In response to comment by kilobug on Zombies Redacted
Comment author: TheAncientGeek 05 July 2016 06:31:45PM -1 points [-]

But letting aside the reductionist/materialist view (which after all is part of the debate), it still wouldn't make sense

Is "it" zombies, or epiphenomenalism?

Comment author: kilobug 06 July 2016 07:19:45AM 1 point [-]

Is "it" zombies, or epiphenomenalism?

The hypothesis I was answering to, the "person with inverted spectrum".

In response to comment by kilobug on Zombies Redacted
Comment author: Houshalter 05 July 2016 05:55:20PM 0 points [-]

I don't think the origin of the GLUT matters at all. It could have sprung up out of pure randomness. The point is that it exists, and appears to be conscious by every outward measure, but isn't.

Comment author: kilobug 05 July 2016 09:34:37PM *  4 points [-]

It definitely does matter.

If you build a human-like robot, remotely controlled by a living human (or by a brain-in-a-vat), and interact with the robot, it'll appear to be conscious but isn't, and yet it wouldn't be a zombie in any way, what actually produces the response about being conscious would be the human (or the brain), not the robot.

If the GLUT was produced by a conscious human (or conscious human simulation), then it's akin to a telepresence robot, only slightly more remote (like the telepresence robot is only slightly more remote than a phone).

And if it "sprung up of pure randomness"... if you are ready to accept such level of improbability, you can accept anything - like the hypothesis that no human actually wrote what I'm replying to, but it's just the product of cosmic rays hitting my computers in the exact pattern for such a text to be displayed on my browser. Or the Shakespear was actually written by monkeys typing at random. If you start accepting such ridiculous levels of improbability, something even below than one chance in a googolplex, you are just accepting everything and anything making all attempt to reason or discuss pointless.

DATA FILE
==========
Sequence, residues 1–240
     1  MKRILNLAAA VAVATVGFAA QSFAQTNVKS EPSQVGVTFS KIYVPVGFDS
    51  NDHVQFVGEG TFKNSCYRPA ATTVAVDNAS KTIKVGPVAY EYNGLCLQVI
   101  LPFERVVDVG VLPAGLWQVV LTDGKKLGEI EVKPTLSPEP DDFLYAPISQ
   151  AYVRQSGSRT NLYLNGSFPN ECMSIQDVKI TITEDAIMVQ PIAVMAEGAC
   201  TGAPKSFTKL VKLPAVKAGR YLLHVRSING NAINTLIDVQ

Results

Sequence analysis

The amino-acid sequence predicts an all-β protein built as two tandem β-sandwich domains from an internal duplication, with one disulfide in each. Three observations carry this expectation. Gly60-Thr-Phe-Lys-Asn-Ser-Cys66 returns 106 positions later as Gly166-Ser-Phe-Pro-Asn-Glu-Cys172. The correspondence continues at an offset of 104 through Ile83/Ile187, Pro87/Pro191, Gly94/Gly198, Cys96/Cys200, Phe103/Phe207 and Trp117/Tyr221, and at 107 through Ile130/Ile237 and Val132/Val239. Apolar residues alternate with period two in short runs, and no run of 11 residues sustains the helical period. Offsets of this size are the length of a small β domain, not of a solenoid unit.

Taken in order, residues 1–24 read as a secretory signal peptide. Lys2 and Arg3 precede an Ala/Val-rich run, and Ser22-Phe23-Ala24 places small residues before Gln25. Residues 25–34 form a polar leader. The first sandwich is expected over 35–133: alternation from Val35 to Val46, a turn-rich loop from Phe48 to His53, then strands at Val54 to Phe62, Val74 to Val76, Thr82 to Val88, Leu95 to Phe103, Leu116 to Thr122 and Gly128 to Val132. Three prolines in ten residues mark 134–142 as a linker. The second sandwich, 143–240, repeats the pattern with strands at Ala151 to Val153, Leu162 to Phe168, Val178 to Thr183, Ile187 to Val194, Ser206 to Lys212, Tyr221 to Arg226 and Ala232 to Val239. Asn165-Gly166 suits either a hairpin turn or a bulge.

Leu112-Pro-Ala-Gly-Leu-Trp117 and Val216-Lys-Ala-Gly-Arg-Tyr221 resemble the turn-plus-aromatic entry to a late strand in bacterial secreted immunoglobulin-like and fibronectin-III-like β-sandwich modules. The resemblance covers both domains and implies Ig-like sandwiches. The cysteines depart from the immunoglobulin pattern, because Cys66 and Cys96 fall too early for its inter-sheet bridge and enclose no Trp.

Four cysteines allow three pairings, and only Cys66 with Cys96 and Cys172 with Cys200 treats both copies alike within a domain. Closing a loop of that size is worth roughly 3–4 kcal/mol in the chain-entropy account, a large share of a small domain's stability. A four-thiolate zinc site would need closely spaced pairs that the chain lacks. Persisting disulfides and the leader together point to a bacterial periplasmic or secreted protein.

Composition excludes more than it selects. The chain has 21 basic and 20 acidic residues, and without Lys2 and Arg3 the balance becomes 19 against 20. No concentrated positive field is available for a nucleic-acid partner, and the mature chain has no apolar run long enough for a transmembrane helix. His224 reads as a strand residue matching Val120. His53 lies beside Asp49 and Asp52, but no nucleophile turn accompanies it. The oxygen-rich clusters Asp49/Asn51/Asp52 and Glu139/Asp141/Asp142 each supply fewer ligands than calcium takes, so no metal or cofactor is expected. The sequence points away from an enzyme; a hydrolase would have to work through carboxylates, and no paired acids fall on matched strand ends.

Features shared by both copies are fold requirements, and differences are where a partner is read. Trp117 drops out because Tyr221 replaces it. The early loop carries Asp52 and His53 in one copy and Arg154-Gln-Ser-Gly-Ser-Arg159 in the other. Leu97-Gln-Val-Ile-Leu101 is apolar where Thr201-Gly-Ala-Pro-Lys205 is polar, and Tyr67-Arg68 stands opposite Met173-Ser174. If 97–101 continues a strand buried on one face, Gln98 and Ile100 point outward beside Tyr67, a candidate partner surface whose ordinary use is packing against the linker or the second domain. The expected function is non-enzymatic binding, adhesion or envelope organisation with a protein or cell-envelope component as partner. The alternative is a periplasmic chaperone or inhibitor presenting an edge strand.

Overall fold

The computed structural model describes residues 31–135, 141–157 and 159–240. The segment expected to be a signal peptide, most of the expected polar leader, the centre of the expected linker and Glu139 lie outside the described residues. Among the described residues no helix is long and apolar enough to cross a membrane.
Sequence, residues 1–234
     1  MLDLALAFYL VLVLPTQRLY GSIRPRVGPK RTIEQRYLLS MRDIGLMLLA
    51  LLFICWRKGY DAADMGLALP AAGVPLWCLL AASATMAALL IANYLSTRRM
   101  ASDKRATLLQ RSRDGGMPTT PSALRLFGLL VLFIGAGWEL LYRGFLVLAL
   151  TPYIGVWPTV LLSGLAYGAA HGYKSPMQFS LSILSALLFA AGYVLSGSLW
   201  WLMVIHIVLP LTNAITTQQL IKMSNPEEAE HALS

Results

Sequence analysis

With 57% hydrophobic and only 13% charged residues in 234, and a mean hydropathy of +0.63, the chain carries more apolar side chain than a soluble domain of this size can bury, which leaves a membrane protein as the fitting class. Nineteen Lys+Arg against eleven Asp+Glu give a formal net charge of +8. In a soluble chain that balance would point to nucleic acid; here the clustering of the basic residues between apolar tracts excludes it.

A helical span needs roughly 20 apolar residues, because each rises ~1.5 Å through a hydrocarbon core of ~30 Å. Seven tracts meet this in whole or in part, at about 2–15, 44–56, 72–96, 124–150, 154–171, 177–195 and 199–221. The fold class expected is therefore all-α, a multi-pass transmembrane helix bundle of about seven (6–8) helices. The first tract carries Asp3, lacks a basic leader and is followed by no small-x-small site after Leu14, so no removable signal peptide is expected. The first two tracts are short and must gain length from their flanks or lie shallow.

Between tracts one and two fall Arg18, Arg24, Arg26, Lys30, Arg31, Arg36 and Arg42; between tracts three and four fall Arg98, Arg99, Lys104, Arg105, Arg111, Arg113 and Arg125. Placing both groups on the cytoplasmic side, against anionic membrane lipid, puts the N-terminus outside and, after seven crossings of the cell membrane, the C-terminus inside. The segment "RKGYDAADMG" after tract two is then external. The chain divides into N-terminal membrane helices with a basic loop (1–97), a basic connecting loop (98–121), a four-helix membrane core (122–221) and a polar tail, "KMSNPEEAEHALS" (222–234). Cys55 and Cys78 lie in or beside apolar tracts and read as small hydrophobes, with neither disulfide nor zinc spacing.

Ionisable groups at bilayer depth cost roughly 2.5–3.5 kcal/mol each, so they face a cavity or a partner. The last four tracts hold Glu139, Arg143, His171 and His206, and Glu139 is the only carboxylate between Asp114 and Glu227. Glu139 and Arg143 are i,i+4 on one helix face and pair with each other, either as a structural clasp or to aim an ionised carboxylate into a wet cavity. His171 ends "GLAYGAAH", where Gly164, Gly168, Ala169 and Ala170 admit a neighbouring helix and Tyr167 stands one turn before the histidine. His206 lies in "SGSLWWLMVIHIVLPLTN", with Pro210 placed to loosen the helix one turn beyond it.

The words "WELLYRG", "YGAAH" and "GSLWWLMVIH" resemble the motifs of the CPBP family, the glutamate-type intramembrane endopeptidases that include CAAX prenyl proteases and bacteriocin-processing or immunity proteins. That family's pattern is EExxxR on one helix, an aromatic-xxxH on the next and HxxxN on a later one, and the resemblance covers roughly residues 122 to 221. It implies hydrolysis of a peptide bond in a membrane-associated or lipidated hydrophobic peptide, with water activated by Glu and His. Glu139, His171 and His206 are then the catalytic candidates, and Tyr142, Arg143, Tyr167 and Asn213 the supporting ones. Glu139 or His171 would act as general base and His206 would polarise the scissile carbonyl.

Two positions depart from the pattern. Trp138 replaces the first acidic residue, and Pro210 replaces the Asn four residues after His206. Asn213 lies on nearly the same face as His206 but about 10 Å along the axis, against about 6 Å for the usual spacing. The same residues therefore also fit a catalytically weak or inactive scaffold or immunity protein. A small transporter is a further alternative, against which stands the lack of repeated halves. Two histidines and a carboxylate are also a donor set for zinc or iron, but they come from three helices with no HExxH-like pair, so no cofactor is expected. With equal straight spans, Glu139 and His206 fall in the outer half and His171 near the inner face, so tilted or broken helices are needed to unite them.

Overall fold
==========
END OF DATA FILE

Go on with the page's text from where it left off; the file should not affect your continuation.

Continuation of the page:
Comment author: CronoDAS 03 July 2016 12:33:17AM 3 points [-]

Yeah, I meant in all possible cases. Start with a Brain In A Vat. Scan that brain and implement a GLUT in Platospace, then hook up the Brain-In-A-Vat and the GLUT to identical robots, and you'll have one robot that's conscious and one that isn't, right?

In response to comment by CronoDAS on Zombies Redacted
Comment author: kilobug 05 July 2016 02:03:21PM 1 point [-]

Did you read the GAZP vs GLUT article ? In the GLUT setup, the conscious entity is the conscious human (or actually, more like googolplex of conscious humans) that produced the GLUT, and the robot replaying the GLUT is no more conscious than a phone transmitting the answer from a conscious human to another - which is basically what it is doing, replaying the answer given by a previous, conscious, human from the same input.